Hackers have released personal details of nearly 1,000 North Korean defectors living in the South, according to officials. Ever since the partition after World War II, whether for religious, ideological or personal reasons, many North Korean citizens have defected to the South over the years. According to officials, leakage of such data could expose them to potentials threats from the North.
This is the first time that personal details including names and addresses of North Korean defectors have been stolen on such a large scale, the Unification Ministry said.
Thought the hacker's identity is unknown, a state-run centre at North Gyeongsang Province that helps the defectors settle in South Korea is said to have run a 'malicious code' in one of its systems.
There are 25 such centres across the country which provide support for the roughly 30,000 North Korean defectors who live in the country.
After confirming the hack last week, authorities conducted an emergency inspection of all computers at Hana Centres but no other leaks were found.
"We apologise to defectors from the North. We will make utmost efforts to protect their personal information and prevent any recurrence of such an incident", the ministry said in a statement. The government said that no computers at other Hana centres across the country had been hacked. It also has not voiced the hand of any North Korean agency in the hack.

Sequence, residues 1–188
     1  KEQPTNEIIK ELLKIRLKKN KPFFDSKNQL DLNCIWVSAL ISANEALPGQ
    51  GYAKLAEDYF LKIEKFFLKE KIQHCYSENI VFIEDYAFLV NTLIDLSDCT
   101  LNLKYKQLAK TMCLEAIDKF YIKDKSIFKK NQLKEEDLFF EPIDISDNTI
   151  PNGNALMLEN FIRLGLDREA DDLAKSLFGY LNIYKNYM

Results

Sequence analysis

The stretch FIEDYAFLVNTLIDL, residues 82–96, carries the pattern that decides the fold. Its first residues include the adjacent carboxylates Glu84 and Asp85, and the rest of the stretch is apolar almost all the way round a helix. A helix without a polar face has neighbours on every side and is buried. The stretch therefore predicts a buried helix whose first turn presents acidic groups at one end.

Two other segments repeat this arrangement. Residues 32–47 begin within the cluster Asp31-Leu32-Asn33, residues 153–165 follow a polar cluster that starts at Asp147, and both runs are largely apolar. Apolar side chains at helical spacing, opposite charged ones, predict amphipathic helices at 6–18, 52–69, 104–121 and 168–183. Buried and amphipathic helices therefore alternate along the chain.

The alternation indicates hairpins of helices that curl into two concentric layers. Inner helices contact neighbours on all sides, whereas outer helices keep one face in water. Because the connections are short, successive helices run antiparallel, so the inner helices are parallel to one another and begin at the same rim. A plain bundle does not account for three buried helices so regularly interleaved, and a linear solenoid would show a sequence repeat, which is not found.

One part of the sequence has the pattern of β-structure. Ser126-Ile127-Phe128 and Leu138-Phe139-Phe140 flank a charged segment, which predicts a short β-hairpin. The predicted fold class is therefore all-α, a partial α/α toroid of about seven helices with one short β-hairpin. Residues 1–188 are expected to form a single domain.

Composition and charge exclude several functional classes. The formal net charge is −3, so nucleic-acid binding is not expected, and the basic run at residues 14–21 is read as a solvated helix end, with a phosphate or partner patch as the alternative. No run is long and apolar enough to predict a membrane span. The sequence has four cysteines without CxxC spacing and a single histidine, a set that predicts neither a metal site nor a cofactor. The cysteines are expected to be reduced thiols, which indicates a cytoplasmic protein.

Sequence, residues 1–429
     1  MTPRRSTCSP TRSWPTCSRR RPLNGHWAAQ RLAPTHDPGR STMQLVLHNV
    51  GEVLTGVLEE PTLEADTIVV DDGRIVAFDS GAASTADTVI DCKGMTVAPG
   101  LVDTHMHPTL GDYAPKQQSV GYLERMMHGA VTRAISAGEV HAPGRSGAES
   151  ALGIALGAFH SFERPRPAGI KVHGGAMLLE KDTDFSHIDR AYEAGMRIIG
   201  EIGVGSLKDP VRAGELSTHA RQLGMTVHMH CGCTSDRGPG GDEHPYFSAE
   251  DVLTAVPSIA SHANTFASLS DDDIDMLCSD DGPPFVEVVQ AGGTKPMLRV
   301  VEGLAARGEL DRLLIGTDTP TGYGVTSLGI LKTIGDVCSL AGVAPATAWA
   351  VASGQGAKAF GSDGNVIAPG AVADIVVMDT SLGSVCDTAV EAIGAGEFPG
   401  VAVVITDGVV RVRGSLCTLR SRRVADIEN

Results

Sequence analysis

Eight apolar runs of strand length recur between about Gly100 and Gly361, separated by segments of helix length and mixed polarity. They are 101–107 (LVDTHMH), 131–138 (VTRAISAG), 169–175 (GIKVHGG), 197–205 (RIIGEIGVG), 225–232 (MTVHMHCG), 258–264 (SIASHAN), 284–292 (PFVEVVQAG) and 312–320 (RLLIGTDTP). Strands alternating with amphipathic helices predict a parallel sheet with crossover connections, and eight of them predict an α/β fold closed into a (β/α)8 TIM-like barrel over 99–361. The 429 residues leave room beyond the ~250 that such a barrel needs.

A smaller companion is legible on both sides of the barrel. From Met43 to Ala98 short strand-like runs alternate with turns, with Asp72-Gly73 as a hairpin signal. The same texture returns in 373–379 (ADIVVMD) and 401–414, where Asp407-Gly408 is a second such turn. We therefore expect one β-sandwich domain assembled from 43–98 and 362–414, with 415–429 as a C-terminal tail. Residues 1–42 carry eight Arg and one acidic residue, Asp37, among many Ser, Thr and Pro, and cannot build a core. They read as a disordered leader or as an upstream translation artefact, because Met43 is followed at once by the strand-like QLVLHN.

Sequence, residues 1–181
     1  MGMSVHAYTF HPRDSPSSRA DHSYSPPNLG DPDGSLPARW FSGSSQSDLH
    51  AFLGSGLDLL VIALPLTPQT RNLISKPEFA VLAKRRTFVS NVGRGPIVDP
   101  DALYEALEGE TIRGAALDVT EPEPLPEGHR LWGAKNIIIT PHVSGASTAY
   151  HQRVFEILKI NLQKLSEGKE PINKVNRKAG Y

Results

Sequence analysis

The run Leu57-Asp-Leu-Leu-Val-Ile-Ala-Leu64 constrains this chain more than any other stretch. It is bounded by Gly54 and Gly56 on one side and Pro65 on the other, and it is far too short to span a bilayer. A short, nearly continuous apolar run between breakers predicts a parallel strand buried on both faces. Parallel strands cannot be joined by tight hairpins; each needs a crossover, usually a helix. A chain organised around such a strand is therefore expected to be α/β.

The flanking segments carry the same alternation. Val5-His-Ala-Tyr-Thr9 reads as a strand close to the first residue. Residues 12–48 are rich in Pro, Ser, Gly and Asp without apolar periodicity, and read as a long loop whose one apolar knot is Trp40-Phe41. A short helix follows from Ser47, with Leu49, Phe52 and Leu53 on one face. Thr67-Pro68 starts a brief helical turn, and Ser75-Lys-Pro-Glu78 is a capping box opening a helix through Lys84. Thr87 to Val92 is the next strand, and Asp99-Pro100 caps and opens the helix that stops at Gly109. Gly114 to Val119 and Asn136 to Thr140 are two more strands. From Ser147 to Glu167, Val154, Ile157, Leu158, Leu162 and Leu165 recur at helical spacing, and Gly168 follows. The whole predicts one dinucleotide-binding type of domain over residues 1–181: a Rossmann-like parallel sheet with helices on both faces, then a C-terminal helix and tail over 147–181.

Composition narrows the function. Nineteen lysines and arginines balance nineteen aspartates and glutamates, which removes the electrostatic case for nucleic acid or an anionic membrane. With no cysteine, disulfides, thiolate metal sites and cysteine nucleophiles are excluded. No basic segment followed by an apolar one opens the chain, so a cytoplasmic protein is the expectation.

North Korea's state media have threatened to silence defectors who actively engage in anti-Pyongyang activities such as launching leaflets to the North by balloons.
Yi Han-yong, a nephew of Song Hye Rim — the first wife of late North Korean leader Kim Jong Il — was shot to death outside his house in Bundang, south of Seoul, in 1997.
His assassination by two attackers, who were never caught, followed the publication of his tell-all book about the private life of the Kims.